Ionic bonding works brilliantly when a compound has a metal and a non-metal in it. The metal atom loses unwanted electrons, the non-metal takes electrons it does want, and everything works well.
What if there isn't a metal and a non-metal? We need other types of bonding - covalent bonding happens between two non-metal atoms.
It's easy to mix up ionic and covalent bonding, so watch out for the ways in which they are similar and different.
A lot of very important substances are covalently bonded, so make sure you can remember the names and formulas of these ones:
If both atoms are non-metals, there isn't a source of spare electrons to complete electron shells, so ionic bonding can't happen.
For example, imagine having two fluorine atoms. Each atom has seven out of eight positions filled in its outermost shell, and neither atom is going to give up any of its electrons. To solve this problem, the two atoms share one electron each.
The shared electrons sit in parts of the shell between the two atoms. A tiny fairy sitting in the middle of each atom would see a complete outer shell, but this only works if the two atoms are exactly the right distance between each other, making a bond between the atoms. This type of bond is called a covalent bond, and we can draw a dot-and-cross diagram for this sort of bonding as well. The covalent bond is the part where the circles touch or overlap.
Each of the fluorine atoms has put one of its electrons into the shared part of the shell, so this is called a single covalent bond, which can be written as F-F.
You can do the same thing with compounds.
Carbon dioxide is carbon and oxygen, and they are both non-metals. Carbon needs another four electrons, and oxygen needs another two. To make carbon dioxide, each bond between carbon and oxygen needs two electrons from the carbon and two from the oxygen. If you look round the oxygen atoms, they seem to have eight electrons, and if you look round the carbon, it also seems to have eight electrons. The carbon and oxygen each put two electrons into the shared part of the shell, so this is a double covalent bond, which we can write as C=O.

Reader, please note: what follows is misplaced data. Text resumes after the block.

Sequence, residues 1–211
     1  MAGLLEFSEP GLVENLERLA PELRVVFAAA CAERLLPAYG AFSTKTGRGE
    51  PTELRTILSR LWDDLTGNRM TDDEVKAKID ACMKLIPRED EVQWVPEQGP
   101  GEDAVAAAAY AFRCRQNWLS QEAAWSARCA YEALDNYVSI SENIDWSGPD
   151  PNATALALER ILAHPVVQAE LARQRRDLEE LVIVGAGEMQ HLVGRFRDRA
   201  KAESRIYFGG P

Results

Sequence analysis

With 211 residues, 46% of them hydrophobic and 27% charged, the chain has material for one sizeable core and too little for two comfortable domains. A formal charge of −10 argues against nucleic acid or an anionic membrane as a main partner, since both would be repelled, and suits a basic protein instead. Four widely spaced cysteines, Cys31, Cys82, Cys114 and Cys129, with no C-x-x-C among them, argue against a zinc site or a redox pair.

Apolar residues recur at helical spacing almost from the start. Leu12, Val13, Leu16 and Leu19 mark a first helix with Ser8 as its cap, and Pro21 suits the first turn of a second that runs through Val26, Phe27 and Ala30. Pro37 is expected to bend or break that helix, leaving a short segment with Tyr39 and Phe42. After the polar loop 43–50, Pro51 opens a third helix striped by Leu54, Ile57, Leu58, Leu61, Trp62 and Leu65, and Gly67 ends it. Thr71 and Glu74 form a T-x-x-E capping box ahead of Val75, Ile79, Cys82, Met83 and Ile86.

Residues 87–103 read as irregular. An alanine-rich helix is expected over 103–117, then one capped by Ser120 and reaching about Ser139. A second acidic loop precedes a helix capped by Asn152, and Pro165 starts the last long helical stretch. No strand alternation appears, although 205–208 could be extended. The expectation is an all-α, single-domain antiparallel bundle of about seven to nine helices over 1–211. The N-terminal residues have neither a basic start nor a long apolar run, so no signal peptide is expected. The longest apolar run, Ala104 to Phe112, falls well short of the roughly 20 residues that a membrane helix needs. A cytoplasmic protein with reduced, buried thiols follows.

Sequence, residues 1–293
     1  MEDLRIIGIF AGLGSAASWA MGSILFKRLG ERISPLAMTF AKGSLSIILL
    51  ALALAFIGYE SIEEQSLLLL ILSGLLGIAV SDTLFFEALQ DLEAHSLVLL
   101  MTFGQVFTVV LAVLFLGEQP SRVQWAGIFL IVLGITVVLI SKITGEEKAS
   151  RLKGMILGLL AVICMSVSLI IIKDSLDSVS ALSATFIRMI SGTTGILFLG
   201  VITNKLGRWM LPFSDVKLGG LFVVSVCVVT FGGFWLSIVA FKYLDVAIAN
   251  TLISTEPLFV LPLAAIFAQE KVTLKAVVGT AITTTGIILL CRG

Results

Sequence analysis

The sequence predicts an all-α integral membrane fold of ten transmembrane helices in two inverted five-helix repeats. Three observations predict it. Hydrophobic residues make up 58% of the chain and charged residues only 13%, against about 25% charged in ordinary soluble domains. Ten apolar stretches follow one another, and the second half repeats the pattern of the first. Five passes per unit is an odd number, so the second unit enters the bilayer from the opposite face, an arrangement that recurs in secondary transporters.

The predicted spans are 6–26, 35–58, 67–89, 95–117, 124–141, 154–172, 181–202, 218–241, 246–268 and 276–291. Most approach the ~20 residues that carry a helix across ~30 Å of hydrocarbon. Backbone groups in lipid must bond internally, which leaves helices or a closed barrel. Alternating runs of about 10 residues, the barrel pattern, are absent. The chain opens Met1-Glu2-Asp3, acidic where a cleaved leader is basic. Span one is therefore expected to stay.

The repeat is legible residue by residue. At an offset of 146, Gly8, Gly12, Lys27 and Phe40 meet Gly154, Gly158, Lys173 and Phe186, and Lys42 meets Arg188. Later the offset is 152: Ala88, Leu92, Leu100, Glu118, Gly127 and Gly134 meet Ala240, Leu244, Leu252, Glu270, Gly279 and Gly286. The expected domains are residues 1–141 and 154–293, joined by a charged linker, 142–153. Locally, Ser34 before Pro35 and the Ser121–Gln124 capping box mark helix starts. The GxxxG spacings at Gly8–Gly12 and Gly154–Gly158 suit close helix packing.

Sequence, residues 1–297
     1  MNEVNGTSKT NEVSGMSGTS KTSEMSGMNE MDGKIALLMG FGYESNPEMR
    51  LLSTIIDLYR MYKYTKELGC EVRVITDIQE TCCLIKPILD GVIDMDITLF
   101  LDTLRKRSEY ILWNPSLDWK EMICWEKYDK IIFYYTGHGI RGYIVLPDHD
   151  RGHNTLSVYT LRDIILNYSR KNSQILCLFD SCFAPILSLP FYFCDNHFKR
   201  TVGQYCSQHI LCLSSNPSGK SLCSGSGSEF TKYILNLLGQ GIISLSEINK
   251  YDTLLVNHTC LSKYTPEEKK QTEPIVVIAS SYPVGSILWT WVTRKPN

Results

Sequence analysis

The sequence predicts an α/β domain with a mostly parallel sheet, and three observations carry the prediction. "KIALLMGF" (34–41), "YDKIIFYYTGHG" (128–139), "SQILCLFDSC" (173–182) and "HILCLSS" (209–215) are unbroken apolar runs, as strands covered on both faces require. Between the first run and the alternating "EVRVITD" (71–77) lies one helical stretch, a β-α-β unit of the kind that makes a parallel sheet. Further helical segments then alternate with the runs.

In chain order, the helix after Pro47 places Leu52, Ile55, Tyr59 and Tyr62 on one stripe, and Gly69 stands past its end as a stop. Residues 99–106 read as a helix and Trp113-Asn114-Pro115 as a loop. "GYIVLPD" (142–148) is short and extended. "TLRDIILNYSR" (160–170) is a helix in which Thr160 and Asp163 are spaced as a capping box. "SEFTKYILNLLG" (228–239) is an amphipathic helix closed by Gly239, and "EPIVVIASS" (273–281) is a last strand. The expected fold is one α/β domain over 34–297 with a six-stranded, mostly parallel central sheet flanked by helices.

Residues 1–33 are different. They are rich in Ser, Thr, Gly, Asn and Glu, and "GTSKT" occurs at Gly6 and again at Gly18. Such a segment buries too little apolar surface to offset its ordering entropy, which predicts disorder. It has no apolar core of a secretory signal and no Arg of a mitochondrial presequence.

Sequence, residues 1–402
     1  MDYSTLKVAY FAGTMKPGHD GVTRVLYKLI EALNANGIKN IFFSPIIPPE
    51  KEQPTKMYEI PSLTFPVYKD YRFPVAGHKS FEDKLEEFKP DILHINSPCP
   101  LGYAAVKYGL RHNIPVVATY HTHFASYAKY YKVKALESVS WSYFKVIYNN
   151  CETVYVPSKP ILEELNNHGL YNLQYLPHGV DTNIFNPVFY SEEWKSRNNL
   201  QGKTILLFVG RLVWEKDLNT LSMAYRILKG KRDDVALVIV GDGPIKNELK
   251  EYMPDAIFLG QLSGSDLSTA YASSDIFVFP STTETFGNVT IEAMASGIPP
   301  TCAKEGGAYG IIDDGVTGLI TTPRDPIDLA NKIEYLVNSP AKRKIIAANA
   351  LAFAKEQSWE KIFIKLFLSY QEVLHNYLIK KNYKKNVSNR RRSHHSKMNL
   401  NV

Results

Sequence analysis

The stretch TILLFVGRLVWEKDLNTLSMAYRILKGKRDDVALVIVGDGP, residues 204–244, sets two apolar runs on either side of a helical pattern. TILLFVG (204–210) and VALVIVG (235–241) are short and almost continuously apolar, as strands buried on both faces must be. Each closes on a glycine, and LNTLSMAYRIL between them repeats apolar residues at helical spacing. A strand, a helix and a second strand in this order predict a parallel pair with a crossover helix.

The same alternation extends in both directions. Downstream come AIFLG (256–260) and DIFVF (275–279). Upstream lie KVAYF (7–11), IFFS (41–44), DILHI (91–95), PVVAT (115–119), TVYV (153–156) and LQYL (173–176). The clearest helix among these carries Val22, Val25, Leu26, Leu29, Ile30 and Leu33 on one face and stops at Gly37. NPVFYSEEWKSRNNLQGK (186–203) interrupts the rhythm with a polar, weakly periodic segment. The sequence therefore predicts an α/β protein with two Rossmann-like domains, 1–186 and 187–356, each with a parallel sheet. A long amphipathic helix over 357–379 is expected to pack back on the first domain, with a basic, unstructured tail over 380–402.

In this diagram, the electrons from the different atoms are shown in differerent colours. Another way of showing this is to use different symbols - for example dots and crosses.
Be really careful not to mix up the different dot-and-cross diagrams.
If it's a metal with a non-metal, you have ionic bonding. One or more electrons move to the non-metal, but the atoms stay separate.
If it's a non-metal with a non-metal, you have covalent bonding. Some electrons are shared, so the atoms are drawn touching or overlapping.
Polymers are an important group of materials with covalent bonding. They are the basis for plastics, and many parts of the human body. They are very long, with a chain of carbon atoms down the middle. This picture shows polyethene, which is the plastic used for shopping bags.
It's not worth drawing out all the atoms, and often we don't need to draw them with the bonds at their exact angles. Instead, scientists simplify the diagram like this:
This makes it easier to see which atoms are bonded to others. The repeating part of the structure is put in brackets, and the n tells us that there are many repeated copies of that making the complete polymer. You'll learn a lot more about polymers in another activity.
We've seen several different ways of drawing these structures. If you draw the atoms in their true positions, the picture is more realistic, but it can be hard to see enough of the structure to understand how the different atoms link together. If we simplify the diagram, it is easier to understand, but the disadvantage is that we lose some of the information about the structure.
Now it's time for some questions.